There has been much rejoicing at the trend away from fossil fuel generated electricity over the past decade.
Even the gloom mongers, who noted that in 2019 the overall amount of UK renewable energy generated didn’t increase, shouldn’t have missed that, even so, its proportion of the overall market nonetheless increased by 3%. Because total electricity generation fell by another 9-terawatt hours (TWh), ensuring a 6% drop in fossil fuel generation.
This happened because there was another remarkable shift in Britain’s electrical system throughout the 2010s – which somehow seemed to escape the headline writers’ attention. Overall, the total amount of electricity consumed fell by a massive 15% between 2010 and 2019, with the economy using 58 TWh less electricity in 2019 than it did in 2010.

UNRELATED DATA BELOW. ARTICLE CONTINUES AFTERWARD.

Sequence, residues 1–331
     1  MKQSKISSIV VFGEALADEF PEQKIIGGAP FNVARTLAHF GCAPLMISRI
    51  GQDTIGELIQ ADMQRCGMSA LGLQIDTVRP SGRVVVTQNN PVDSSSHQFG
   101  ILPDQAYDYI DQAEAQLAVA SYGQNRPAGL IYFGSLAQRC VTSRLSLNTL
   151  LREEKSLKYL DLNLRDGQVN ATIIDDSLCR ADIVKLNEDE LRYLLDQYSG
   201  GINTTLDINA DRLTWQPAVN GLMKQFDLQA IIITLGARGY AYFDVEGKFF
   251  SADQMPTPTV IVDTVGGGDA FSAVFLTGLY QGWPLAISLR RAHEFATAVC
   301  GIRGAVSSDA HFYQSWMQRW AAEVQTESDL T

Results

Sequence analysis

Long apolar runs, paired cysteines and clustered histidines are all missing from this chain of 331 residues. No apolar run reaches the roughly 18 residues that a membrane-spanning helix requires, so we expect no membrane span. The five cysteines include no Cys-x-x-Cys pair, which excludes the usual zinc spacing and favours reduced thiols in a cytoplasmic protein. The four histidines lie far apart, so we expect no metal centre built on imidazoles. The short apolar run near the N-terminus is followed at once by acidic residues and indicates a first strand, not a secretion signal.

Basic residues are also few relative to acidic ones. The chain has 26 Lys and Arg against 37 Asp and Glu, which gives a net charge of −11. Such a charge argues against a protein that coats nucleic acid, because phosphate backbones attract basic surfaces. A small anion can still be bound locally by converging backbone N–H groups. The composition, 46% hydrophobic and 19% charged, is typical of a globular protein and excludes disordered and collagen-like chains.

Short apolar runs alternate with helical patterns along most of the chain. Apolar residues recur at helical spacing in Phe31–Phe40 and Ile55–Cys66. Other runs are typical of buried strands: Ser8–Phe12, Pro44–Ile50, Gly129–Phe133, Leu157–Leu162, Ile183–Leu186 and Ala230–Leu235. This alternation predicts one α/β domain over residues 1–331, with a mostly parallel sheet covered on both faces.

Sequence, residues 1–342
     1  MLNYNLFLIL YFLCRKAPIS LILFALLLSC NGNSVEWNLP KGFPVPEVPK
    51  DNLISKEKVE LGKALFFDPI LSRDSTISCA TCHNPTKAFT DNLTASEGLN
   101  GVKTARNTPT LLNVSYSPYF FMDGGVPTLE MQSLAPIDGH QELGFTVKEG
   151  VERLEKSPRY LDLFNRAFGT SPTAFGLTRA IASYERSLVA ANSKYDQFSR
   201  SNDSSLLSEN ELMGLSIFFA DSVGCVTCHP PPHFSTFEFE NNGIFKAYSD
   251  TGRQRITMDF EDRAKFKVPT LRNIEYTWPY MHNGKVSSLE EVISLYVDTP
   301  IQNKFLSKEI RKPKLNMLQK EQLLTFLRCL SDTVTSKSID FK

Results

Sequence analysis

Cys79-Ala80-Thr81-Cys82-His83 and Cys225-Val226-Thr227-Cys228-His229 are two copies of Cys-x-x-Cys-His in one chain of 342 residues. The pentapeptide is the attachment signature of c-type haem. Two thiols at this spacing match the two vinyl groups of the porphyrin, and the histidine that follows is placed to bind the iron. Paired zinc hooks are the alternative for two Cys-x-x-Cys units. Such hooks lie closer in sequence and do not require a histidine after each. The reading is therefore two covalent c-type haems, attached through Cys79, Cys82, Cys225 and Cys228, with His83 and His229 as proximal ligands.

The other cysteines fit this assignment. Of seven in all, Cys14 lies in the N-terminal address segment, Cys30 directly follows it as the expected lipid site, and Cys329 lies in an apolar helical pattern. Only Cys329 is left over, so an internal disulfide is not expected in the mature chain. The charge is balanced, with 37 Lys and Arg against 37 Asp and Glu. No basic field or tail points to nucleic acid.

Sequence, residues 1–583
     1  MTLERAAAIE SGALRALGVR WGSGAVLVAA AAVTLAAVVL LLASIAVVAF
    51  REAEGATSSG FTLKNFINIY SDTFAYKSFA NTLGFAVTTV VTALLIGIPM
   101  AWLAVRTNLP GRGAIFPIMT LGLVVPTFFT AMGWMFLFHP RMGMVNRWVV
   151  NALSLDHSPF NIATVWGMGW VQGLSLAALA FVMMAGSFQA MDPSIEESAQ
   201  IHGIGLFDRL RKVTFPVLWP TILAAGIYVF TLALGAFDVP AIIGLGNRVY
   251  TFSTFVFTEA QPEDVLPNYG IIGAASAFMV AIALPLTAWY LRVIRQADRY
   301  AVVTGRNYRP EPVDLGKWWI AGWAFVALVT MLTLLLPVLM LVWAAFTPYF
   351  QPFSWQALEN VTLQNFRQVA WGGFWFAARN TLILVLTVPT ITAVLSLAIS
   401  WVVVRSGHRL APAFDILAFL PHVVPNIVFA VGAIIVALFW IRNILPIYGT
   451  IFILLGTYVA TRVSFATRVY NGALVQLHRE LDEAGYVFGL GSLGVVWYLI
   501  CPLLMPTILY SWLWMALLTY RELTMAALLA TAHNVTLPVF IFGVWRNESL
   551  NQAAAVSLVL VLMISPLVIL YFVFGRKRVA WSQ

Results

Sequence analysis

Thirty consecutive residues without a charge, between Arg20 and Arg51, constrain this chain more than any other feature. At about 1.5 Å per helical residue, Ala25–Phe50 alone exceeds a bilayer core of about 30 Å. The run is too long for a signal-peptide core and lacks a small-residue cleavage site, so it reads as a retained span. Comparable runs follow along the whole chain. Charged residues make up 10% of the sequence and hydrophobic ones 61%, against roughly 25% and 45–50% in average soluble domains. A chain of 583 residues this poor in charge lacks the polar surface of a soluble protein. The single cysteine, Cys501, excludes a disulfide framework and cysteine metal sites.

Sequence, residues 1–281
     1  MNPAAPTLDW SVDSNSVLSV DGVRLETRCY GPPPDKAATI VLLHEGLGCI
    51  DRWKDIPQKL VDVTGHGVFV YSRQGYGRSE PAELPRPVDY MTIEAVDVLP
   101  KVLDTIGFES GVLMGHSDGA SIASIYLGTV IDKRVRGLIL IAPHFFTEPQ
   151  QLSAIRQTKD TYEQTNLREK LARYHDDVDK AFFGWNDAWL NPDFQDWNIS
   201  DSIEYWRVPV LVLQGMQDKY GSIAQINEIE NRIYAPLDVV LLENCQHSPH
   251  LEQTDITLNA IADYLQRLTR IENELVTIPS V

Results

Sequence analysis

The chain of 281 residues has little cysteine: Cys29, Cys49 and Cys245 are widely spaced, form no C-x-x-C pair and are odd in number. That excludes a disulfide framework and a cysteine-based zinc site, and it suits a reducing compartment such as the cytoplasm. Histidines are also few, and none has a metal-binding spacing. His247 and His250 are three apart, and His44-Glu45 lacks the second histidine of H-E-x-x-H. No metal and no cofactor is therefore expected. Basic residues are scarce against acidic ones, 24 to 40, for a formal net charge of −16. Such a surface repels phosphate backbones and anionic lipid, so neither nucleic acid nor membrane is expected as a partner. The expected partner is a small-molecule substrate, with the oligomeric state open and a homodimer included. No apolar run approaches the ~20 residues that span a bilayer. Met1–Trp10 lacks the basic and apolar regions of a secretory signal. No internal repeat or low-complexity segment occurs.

That is enough electricity to power half of Britain’s cars and taxis, even if they were all electric vehicles. Which means acknowledging the sagacity of National Grid’s much-mocked forecasts regarding how minimally an all-electric vehicle fleet need impact upon overall consumption numbers.
Or to put it another way, the 15% reductions achieved have been higher than the potential maximum output of the two new nuclear power stations so vigorously promoted by the Conservative Government over the same period, Hinkley Point C and Sizewell C.
Mind you, back in 2010 the official forecast was that, by 2020 we would be consuming almost 30% more electricity than we actually are. No wonder nobody is much bothered just how far behind schedule both of these nuclear power plants now are.